Questions about healthd and mprime
Ronald F. Guilmette
rfg at tristatelogic.com
Thu Aug 7 20:09:00 UTC 2008
I recently got close to burning up my shiny new Athlon64 processor.
(Wire got tangled up in the heatsink fan. Thankfully, I caught it
in time, before the processor was fully cooked.) On and off, I was
watching the BIOS system hardware monitor screen at the time,
which is how I managed to catch it. (Processor went to 101c before
So anyway, now all of a sudden, I'm interested in the topic of what
exactly would happen to my server if I'm out of town for a few days
and the fan on the heatsink fails. Obviously, I would like it if
my processor _didn't_ just sit there and bake itself to death.
Researching this issue, I learned that on Athlons, the CPU will shut
itself down, but _only_ after it reaches 125c! Yikes! That's like
above the boiling point of water! (As I understand it, this specific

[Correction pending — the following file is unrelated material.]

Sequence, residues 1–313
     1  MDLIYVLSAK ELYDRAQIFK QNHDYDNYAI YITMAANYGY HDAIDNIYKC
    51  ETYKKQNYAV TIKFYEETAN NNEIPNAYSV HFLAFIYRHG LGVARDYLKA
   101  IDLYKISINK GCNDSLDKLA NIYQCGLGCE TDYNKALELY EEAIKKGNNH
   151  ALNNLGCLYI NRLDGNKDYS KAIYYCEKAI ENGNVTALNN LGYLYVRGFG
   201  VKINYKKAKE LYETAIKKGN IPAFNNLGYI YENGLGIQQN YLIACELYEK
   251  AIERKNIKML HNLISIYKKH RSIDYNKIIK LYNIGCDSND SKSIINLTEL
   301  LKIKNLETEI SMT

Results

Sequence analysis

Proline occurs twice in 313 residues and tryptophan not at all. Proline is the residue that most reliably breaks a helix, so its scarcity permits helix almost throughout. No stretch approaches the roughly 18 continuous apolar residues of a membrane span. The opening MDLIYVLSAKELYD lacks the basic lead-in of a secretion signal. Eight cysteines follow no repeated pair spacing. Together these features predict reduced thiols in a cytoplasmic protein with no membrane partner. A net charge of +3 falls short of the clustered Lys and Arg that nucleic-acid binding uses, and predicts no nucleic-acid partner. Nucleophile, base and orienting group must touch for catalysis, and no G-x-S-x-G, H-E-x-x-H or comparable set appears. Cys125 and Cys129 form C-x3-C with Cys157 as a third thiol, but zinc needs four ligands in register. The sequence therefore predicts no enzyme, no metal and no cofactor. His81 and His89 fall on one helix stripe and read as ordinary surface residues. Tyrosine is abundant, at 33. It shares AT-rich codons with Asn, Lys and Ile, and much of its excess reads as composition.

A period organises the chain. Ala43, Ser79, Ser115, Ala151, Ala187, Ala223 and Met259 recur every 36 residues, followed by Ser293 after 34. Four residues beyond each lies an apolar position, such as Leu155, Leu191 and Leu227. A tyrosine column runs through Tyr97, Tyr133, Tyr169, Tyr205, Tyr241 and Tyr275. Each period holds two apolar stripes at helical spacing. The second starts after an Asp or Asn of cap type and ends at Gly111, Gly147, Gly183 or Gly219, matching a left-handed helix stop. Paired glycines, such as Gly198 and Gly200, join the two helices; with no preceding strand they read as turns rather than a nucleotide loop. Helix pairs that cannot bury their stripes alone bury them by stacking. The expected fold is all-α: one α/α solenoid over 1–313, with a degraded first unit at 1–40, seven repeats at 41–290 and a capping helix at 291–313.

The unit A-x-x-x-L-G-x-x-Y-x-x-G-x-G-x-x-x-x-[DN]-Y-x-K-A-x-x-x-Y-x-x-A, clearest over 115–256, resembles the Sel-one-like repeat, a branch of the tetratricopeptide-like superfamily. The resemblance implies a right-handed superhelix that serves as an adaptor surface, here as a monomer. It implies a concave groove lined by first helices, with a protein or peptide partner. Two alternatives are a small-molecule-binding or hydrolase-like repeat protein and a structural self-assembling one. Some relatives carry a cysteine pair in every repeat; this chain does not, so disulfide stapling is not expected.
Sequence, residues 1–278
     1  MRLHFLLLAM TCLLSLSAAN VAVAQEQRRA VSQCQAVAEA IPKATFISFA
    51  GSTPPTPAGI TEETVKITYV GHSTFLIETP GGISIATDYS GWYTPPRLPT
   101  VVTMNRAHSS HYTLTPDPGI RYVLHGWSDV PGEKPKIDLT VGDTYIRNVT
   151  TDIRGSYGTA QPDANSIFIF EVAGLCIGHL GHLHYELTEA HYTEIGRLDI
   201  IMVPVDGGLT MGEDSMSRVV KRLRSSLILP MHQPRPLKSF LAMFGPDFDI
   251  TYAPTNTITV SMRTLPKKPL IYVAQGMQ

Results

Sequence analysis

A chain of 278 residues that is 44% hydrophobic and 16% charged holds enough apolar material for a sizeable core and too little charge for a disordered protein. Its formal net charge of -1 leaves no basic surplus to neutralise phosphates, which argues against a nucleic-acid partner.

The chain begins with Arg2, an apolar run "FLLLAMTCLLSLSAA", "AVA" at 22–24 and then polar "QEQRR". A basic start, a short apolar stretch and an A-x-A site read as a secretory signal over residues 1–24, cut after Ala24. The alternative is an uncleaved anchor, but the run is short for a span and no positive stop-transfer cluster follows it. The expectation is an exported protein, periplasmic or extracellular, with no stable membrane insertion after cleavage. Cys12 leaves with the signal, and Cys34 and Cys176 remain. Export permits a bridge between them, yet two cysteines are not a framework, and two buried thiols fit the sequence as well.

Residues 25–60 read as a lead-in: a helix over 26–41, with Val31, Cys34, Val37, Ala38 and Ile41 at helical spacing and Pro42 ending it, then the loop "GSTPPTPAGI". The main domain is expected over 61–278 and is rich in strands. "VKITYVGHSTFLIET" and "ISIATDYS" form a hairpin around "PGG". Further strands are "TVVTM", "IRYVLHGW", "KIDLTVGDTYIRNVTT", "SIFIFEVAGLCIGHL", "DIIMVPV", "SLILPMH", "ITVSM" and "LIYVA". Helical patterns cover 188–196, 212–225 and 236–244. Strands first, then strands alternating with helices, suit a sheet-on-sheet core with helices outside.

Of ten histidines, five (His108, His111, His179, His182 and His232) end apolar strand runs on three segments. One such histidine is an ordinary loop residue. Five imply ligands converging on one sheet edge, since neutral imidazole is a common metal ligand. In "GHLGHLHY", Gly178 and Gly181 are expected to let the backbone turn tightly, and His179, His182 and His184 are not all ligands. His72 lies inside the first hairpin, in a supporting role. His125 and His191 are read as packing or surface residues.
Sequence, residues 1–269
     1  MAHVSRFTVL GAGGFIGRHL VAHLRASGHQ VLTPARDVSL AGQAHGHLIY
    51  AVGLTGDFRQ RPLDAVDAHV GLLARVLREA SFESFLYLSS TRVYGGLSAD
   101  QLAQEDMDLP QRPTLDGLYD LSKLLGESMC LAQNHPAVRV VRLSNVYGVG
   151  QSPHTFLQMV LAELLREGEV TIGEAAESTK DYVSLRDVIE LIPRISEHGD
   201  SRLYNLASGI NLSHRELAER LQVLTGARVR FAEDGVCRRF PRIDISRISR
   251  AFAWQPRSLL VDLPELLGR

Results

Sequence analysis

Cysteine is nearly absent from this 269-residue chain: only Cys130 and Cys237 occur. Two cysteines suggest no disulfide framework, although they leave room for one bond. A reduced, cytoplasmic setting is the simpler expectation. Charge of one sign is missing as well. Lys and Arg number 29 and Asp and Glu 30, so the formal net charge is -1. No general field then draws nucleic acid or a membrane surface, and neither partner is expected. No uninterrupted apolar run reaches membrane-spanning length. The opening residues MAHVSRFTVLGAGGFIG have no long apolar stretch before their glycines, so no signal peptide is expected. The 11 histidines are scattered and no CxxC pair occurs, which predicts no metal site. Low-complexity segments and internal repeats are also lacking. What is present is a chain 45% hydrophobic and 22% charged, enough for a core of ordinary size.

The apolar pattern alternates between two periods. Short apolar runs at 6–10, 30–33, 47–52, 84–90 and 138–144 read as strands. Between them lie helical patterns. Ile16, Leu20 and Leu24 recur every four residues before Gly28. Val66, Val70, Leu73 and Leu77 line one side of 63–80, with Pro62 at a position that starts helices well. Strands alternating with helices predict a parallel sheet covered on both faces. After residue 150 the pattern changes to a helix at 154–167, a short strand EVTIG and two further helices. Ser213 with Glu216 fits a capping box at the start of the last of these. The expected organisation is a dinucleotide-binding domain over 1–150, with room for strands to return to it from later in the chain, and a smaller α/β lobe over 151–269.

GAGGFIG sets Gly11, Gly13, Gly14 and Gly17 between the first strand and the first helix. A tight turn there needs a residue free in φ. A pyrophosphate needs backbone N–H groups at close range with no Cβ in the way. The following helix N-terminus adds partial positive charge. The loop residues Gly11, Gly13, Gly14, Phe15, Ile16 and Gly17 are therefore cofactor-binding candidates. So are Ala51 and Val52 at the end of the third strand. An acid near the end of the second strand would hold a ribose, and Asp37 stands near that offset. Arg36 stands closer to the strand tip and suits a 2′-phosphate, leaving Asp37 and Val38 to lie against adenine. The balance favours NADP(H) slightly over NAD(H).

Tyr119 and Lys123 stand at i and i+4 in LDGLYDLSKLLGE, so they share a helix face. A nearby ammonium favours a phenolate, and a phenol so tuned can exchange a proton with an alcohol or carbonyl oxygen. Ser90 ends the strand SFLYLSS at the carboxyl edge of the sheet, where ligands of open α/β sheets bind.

processor, LE-1640B, should be kept under 65c.) So now I set about
looking for something that will do a clean shutdown of FreeBSD sometime
well before that, say at 100c.
I pretty quickly found healthd, which looks like it ought to be
helpful... although it obviously will need to be wrapped inside
of some sort of script that will initiate shutdown.
Problem is: documentation of healthd's output is almost non-existant.
OK, so when it prints those three temperature numbers, which one stands
for what? And if, as I surmize, the last (and highest) one is CPU
temp, then why doesn't it seem to change at all? I'm guessing that
I just need to create some artificial load, yes?
OK, so _now_ I've looked around and found out that a lot of folks
these days heat up their CPUs by running the "mprime" thingy. Swell.
But I don't know diddly poo about this program. So can somebody please
tell me the set of "best" command line options for the thing if your
only goal is to stress your CPU?
Thanks in advance.
P.S. Please reply on-list. My spam filters are re-diculous, and you'll
probably never get past them if you send to me direct. Thanks for your
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